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Robin Kovitz wanted a company that had its best days before it. She purchased Baskits Inc. in 2014 with that in mind.Courtesy of Baskits

As a private equity manager, Robin Kovitz was always searching for successful multimillion-dollar companies her firm could acquire that were ready for the next stage of growth. But when she decided to buy a business for herself, she wanted one with its best days yet to come.

She found it in Baskits Inc., a Toronto-based gift-service company launched in 1985, which she purchased in 2014. The company had done well, launching a pioneering e-commerce site in 1995, and opening its first retail store in 2000. But Ms. Kovitz saw much more growth potential.

“Baskits was exporting a tiny bit,” she says.

At the time of purchase, the company had a few million dollars in yearly sales. It now has almost $20-million in annual revenue, about 10 per cent of that from exports. The company plans to focus on the United States as an area for growth and explore other markets in the near future.

“Obviously the U.S. is a great place to grow because it’s 11 times bigger than Canada,” says Ms. Kovitz, who has a bachelor’s degree in commerce from Queen’s University and an MBA from Harvard Business School. “If you have a good product and offering, being able to successfully export to the U.S. is great because it’s such a large market.”

She also expanded into new markets by buying out a few competitors.

Her initial focus was on improving and elevating the product to boost demand. On the service side, she says the company also focused on customer experience and invested heavily in technology.

The exchange rate is an advantage for Canadian companies in the U.S. market, as it essentially translates into a 30-per-cent discount for their American buyers, Ms. Kovitz says, but there are challenges selling south of the border.

Exporting food adds a layer of complexity to exports with regards to the U.S. Food and Drug Administration. It’s further complicated by the fact that for Baskits, one customer purchases the gift and another receives it, and the company must ensure the recipient isn’t hit with duties.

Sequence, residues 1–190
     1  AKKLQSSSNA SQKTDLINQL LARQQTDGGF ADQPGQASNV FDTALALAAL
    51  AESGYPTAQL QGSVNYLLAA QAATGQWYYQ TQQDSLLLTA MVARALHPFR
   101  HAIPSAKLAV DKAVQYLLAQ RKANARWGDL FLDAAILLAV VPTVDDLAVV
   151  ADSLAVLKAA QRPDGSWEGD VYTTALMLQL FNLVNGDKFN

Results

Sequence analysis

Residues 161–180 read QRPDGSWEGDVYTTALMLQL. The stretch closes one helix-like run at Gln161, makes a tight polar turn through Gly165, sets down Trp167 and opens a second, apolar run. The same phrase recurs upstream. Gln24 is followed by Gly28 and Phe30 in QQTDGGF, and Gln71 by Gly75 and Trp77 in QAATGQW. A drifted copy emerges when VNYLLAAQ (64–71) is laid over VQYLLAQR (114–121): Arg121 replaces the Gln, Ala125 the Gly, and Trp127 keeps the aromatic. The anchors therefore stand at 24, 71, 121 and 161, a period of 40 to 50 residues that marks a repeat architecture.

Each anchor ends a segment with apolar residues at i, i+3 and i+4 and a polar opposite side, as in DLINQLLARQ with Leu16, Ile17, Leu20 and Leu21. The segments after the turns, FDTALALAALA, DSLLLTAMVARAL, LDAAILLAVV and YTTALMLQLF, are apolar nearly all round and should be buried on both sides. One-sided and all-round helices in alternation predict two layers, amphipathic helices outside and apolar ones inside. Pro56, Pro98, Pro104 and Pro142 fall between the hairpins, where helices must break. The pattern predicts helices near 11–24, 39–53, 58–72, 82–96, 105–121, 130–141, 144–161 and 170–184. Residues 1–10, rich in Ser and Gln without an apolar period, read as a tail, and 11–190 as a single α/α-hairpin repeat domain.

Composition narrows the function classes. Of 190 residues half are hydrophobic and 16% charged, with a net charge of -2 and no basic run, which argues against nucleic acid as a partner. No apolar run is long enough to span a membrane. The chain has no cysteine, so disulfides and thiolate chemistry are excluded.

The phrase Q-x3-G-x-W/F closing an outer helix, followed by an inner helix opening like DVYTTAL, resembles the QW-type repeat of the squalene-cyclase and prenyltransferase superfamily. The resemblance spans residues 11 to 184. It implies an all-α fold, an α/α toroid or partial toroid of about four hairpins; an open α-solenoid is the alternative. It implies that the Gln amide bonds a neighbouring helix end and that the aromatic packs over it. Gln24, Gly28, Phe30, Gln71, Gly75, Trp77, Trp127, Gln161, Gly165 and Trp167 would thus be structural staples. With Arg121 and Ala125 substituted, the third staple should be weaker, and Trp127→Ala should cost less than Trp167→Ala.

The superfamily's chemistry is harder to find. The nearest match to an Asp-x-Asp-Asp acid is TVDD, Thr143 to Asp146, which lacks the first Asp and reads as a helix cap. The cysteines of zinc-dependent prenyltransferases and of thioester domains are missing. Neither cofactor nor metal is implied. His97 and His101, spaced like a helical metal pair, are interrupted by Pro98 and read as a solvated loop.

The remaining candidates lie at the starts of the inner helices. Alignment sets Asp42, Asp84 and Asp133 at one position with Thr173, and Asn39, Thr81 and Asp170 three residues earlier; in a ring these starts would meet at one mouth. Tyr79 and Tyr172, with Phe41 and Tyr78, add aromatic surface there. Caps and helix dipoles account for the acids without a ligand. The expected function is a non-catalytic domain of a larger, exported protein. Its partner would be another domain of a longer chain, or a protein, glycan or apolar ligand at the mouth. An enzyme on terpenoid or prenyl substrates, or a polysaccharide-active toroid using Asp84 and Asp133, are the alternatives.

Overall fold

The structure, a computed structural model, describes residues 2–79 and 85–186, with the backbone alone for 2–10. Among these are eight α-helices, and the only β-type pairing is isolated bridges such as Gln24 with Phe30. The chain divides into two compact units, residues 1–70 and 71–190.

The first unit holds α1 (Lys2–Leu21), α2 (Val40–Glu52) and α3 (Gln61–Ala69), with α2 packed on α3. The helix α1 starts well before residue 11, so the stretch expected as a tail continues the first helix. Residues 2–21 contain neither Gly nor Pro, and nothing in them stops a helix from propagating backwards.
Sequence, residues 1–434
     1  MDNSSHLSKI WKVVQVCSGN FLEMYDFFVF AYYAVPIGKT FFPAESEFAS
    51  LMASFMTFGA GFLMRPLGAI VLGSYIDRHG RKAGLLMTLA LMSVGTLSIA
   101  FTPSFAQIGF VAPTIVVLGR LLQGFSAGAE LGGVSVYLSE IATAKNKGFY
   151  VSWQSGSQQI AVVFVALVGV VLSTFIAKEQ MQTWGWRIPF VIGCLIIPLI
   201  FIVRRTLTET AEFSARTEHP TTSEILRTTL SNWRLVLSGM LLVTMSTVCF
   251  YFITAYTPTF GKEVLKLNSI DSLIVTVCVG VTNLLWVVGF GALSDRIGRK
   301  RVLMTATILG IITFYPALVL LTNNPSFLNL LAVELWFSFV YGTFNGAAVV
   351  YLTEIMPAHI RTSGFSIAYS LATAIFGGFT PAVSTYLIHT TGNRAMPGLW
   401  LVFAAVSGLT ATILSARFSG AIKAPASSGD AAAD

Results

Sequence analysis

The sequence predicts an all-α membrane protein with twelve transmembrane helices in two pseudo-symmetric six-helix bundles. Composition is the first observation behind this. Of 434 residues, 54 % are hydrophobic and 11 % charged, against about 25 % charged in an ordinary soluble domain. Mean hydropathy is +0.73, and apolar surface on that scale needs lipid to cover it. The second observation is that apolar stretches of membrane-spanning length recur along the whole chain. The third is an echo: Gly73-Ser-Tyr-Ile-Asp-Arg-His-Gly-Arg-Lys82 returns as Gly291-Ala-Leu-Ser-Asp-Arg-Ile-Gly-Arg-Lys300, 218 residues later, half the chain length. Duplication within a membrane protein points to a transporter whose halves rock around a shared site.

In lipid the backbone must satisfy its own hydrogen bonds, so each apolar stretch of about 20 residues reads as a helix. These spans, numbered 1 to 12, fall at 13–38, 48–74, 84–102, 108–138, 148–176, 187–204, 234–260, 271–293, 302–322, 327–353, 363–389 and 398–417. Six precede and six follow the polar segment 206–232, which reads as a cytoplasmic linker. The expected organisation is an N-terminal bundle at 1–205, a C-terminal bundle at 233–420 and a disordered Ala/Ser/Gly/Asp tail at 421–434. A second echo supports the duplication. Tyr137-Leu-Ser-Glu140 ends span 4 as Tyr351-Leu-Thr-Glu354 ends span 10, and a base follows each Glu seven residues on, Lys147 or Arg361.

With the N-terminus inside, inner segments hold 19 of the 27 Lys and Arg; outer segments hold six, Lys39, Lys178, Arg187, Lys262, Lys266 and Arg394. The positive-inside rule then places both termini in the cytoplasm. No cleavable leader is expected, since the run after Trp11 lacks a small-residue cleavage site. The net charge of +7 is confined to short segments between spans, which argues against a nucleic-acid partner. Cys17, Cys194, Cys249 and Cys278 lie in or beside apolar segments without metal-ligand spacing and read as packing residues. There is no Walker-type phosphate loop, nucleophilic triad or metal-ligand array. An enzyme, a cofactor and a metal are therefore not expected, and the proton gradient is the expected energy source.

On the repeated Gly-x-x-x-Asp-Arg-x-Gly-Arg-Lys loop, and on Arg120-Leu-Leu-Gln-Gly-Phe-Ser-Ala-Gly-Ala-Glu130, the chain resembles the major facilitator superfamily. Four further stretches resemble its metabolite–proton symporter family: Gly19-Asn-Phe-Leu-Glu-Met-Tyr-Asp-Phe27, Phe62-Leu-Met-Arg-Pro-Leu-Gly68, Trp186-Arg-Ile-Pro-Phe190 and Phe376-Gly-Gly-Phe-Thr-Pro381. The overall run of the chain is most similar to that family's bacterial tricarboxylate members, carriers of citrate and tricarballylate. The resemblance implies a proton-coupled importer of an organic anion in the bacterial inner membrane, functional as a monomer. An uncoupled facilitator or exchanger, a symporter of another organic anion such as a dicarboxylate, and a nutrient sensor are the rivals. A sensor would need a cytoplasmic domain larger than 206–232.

The United States has a more established distribution network, resulting in much lower shipping fees. American customers, and increasingly Canadians, expect free shipping but that cost is much higher for Canadian enterprises, Ms. Kovitz says.

And the border controls process is ever-evolving and can be challenging, she adds. “We’ve invested a lot of time and money in the latest software to make sure that it’s seamless.”

The growth of Baskits has been used as a case study at Harvard Business School, which has helped draw interest from around the world. Still, there are many considerations when evaluating a potential market, including currency exchange, regulatory environment and local tastes and preferences, she says.

Even in the United States, there are 10 distinct regions with differing tastes, Ms. Kovitz points out.

“What would sell in Texas might not fly in New York. Just understanding the local markets and making sure that your product line is appropriate for the different regions and regional preferences is a challenge.”

Baskits is looking into European expansion soon with its popular baby line. “We’re just moving into a huge new warehouse that we got it in and are rebuilding and once we do that, our next focus will be Europe.”

Being a business owner has a steep learning curve, Ms. Kovitz says. She’s had several mentors and advisers, including her entrepreneur father, who sold his Calgary-based business, Centennial Foods, in 2007.

She’s also worked from the outset with Export Development Canada and Business Development Canada (BDC), which has provided financial support ad advisory services such as the BDC Growth Driver program.

BDC is essentially Canada’s bank for entrepreneurs but it’s much more than just a financing institution, says Mary Ann Wenzler-Wiebe, its vice-president of financing and consulting for the Greater Toronto Area. The organization also offers advisory services for clients at all stages of development and it has worked with Ms. Kovitz and her team at Baskits since shortly after she purchased the company.

“It was a smaller business at that time that did have growth aspirations,” Ms. Wenzler-Wiebe says.

BDC helped Baskits with funding to help it finance web and mobile marketing and to hire additional staff. But more importantly, she says, it worked with the company to design a financing program that would grow with it.

“Exporting truly is a journey that does not start when you sell abroad,” she says. “That’s a mistake many entrepreneurs make, not taking the time to build a strong base operation, or really understanding or analyzing your pain points, and thinking about what potential pitfalls they may encounter.”

The Baskits team enlisted the BDC Market Expansion program to better understand those aspects, with the aim of increasing sales through web development, Ms. Wenzler-Wiebe says. BDC also provided assistance in financing the acquisitions that helped the company expand its markets.

“Flexible terms and conditions allowed them to expand their business without having it be a drain on cash flow,” she says, all part of building a strong base upon which to build exports. “The fundamentals have allowed them to gain momentum to a point that when they are looking at international expansion, they’re well prepared to do that.”

BDC has three pillars for helping businesses succeed: financing, advice and partnership, Ms. Wenzler-Wiebe says. “You can’t do it all alone. BDC has a wide network of contacts and relationships, including our sister corporation EDC.

“Bringing in experts can save business owners a lot of time, a lot of money, and a lot of worries, and significantly boost their chances for success.”